A daily, Bible-based perspective of hope, encouragement and exhortation.
Daily Encouragement on
Wednesday, May 29, 2019
Monday afternoon we passed this Lancaster County, PA farmhouse near Lampeter.
Looks like they kept adding on as the family grew!
(Click to enlarge)
"A Wretch Like Me"
Message summary: We are wretched people in our sinful state. Apart from the redemptive power of Christ and the outflow of the spiritual fruit from His indwelling Spirit we have nothing of lasting, redemptive value to offer to others. But with Christ as our Saviour we have a life-changing, redemptive message that can save even a wretch like me.
Listen to our message on your audio player.
"Wretched man that I am! Who will set me free from the body of this death? Thanks be to God through Jesus Christ our Lord!" (Romans 7:24,25).
There's a song we've sure been enjoying the last several months called "Even Me" by the Triumphant Quartet. (Link to song below). Last night I picked Brooksyne up in Baltimore after her trip to visit family in Texas, Oklahoma, and Arkansas, and on the way home this song came on the radio. It has a line that touches our hearts as we consider how great a God we serve and how great a salvation He provides for any who choose to follow Him.
For God so loved the world He gave
Gave His only Son away
A way to save a wretch like me
The word "wretch" is not used much today. It sounds so archaic. Webster defines wretched as "deeply afflicted, dejected, or distressed in body or mind; extremely or deplorably bad or distressing; being or appearing mean, miserable, or contemptible; very poor in quality or ability".
But most all of us have sung this word in these two well-known songs. (Hopefully we still do!)
I heard an old, old story, how a Savior came from glory,
How He gave His life on Calvary to save a wretch like me;
Amazing grace! How sweet the sound
That saved a wretch like me!
Paul's Epistle to the Romans is considered by theologians to be his Magnus Opus (a phrase meaning "The greatest single work of an artist, writer, or composer"). Now of course all of Scripture is equally inspired by God but Romans contains the basic theological framework for all the rest of Paul's collection of writings.
Romans has material that is not always uplifting but is a scorning assessment of the human race and the dreadful consequences of sin. The first chapter concludes with this stunning indictment on the human race: "They have become filled with every kind of wickedness, evil, greed and depravity. They are full of envy, murder, strife, deceit and malice. They are gossips, slanderers, God-haters, insolent, arrogant and boastful; they invent ways of doing evil; they disobey their parents; they have no understanding, no fidelity, no love, no mercy. Although they know God’s righteous decree that those who do such things deserve death, they not only continue to do these very things but also approve of those who practice them" (Romans 1:29-32).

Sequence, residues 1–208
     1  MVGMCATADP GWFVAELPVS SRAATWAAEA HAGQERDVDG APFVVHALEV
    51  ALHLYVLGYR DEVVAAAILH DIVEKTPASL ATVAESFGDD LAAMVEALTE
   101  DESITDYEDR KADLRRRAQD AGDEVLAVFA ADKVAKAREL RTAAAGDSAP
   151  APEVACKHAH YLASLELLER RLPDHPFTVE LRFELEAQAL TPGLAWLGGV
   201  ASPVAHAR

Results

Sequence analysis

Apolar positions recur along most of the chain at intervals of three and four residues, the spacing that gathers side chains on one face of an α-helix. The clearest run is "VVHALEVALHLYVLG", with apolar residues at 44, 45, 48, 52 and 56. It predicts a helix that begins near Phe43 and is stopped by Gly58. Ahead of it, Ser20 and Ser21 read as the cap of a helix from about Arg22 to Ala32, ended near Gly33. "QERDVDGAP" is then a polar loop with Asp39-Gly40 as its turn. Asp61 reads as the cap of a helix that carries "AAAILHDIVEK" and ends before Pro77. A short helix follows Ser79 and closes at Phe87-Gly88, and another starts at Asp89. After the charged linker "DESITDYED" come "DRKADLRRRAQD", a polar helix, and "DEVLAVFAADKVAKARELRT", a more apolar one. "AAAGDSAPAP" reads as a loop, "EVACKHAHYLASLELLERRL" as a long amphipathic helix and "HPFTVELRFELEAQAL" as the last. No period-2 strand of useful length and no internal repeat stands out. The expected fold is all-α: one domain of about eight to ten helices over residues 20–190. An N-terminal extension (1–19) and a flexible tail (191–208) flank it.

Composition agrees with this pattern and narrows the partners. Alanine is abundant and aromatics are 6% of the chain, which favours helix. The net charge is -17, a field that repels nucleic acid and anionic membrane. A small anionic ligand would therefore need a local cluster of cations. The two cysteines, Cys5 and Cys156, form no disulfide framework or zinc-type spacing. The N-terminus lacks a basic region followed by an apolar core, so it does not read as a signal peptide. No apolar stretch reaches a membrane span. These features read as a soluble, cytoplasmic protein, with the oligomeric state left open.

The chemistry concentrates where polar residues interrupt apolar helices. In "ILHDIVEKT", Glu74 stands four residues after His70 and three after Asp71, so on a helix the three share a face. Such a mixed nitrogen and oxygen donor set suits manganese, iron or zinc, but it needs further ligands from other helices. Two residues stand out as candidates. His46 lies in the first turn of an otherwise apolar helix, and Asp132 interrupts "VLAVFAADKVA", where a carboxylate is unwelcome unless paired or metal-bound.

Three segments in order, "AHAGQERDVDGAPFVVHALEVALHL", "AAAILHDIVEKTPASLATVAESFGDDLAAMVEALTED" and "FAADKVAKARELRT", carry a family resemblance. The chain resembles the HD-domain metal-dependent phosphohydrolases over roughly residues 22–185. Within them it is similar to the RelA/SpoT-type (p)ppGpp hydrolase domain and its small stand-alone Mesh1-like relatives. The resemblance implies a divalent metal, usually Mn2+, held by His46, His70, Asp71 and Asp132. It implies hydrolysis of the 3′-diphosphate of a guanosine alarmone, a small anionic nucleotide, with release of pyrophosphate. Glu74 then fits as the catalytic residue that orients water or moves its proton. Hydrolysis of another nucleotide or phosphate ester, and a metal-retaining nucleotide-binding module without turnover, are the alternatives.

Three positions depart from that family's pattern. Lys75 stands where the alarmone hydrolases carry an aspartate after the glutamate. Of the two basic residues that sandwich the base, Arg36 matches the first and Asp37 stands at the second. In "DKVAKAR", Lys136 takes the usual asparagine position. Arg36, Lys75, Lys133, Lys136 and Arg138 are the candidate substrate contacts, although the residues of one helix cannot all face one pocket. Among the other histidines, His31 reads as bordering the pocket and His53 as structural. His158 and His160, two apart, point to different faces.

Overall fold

The amazing thing about the Bible is that it's always contemporary. Each of these behaviors or attitudes are easily observed in our world today. Not only can we see it around us but it is also possible to see it within ourselves. The framework was laid in this passage for an oft quoted text written later in Paul's letter to the Romans, "All have sinned and come short of the glory of God" (Romans 3:23). These verses overwhelmingly establish that we desperately need a Savior. Paul stated in regard to our desperate need for a Savior, "What a wretched man I am!"
Paul, in what many see as a description regarding his state without Christ, declares, "What a wretched man I am!" (Surely he'd be required to attend a class for having a positive, self-image today.) But immediately following this he asks and answers his own question, "Who will set me free from the body of this death? Thanks be to God through Jesus Christ our Lord!" (Romans 7:24b,25).
Perhaps the most famous hymn sung in church, state funerals, national and international events, recognized by believers and unbelievers alike is "Amazing Grace". The writer presents a most unflattering description of himself in this phrase, "that saved a wretch like me". The vast majority of people sing this stanza without pondering its deeper meaning since the familiarity of the song can easily override its disturbing message. And it sure doesn't set well in our time when schools, libraries, and bookstores overflow with books promoting a positive self-image. We too must acknowledge our great need like John Newton who realized the depth of his sin and rejoiced in the height of Christ's salvation.